Trump approves opioid package, expands telemedicine, regulates e-prescribing for opioids

Trump invited 21 companies to the White House signing of the bill, including Amazon, which unveiled a new AWS Opioid Crisis Council.
By Laura Lovett
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In one of the few and far between bipartisan bills to be passed during this administration, President Donald Trump signed into law yesterday a new package aimed to help tackle the opioid epidemic, called the Support for Patients and Communities Act

The latest legislation expands opioid-specific telemedicine services, exempting the technology from certain requirements. It also modifies the provisions regarding electronic prescriptions and post-surgical pain management. 

Further down in the bill, the telemedicine portion spelled out that states will be able to seek federal reimbursement under Medicaid for telemedicine services of substance abuse disorders including medication-assisted treatment, counseling, medication management and medication adherence. The legislation specifically targets people in high-risk groups including American Indians and Alaska Natives, adults under 40, individuals with a history of non-fatal overdoses and individuals with co-occuring serious mental illness and substance use disorder. 

The White House invited 21 private companies to the signing, including Johnson & Johnson, Google, Facebook and Amazon. 

Coinciding with this announcement, Amazon unveiled a new Amazon Web Services (AWS) Opioid Crisis Council. The tech giant said the new council will be focused on gaining insights from large data sets and collecting priorities from siloed stakeholders.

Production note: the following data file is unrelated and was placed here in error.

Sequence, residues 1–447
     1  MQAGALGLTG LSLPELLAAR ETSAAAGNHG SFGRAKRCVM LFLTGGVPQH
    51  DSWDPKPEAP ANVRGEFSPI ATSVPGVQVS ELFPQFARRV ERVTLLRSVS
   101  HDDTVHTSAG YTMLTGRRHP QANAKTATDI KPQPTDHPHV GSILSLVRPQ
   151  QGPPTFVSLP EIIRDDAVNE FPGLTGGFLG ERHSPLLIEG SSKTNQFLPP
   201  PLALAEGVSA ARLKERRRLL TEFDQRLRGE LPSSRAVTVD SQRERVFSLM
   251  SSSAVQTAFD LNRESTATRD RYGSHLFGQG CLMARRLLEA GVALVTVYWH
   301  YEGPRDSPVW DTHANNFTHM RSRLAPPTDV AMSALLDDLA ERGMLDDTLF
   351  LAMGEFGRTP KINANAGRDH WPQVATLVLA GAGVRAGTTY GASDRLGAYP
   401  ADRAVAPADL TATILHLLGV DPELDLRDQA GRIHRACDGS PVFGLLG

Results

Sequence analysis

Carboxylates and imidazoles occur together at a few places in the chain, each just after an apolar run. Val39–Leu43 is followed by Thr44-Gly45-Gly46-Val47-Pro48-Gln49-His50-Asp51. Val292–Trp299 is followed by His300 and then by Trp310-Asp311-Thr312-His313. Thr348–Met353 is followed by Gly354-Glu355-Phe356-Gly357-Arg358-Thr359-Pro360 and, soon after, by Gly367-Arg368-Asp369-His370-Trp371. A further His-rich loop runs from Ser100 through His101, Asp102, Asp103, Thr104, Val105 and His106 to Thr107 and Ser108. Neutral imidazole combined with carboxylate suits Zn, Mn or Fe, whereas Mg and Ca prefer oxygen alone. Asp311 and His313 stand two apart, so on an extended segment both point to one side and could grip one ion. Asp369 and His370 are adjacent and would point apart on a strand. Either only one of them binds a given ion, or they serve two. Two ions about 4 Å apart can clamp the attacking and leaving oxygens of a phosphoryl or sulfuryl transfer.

Amazon Alexas are now able to answer questions about opioid abuse and how to get help after Amazon teamed up with the Ad Council and Truth Campaign in June. 

“Amazon will help first responders more efficiently access critical medical records and has programmed Alexa voice service to answer important questions about opioids and addiction,” Brian Huseman, VP of Public Policy at AWS, said in a statement. 

Why it matters

The CDC reported 42,000 opioid related deaths in 2016. Prescription drugs have become an especially problematic, accounting for 40 percent of those deaths. Fentanyl, a particularly potent opioid, has also come into the mix in recent years and been mixed with other opioids such as heroine. 

The East Coast has been hit particularly hard with West Virginia, Ohio, New Hampshire, DC and Pennsylvania accounting for the highest drug overdose deaths in the country. 

What's the trend

In recent years the government has been looking to technology and telemedicine as a way to combat the opioid crisis, and that has often meant turning to the private sector for ideas. Last year the Department of Health and Human Services hosted a code-a-thon to address the opioid crisis. Innovators from across the country were invited to compete for one of three $10,000 prizes and contribute ideas towards solving the epidemic.

On the record 

“We will work to strengthen vulnerable families and communities, and we will help to build and grow a stronger, healthier and drug-free society,”  Trump said in a statement.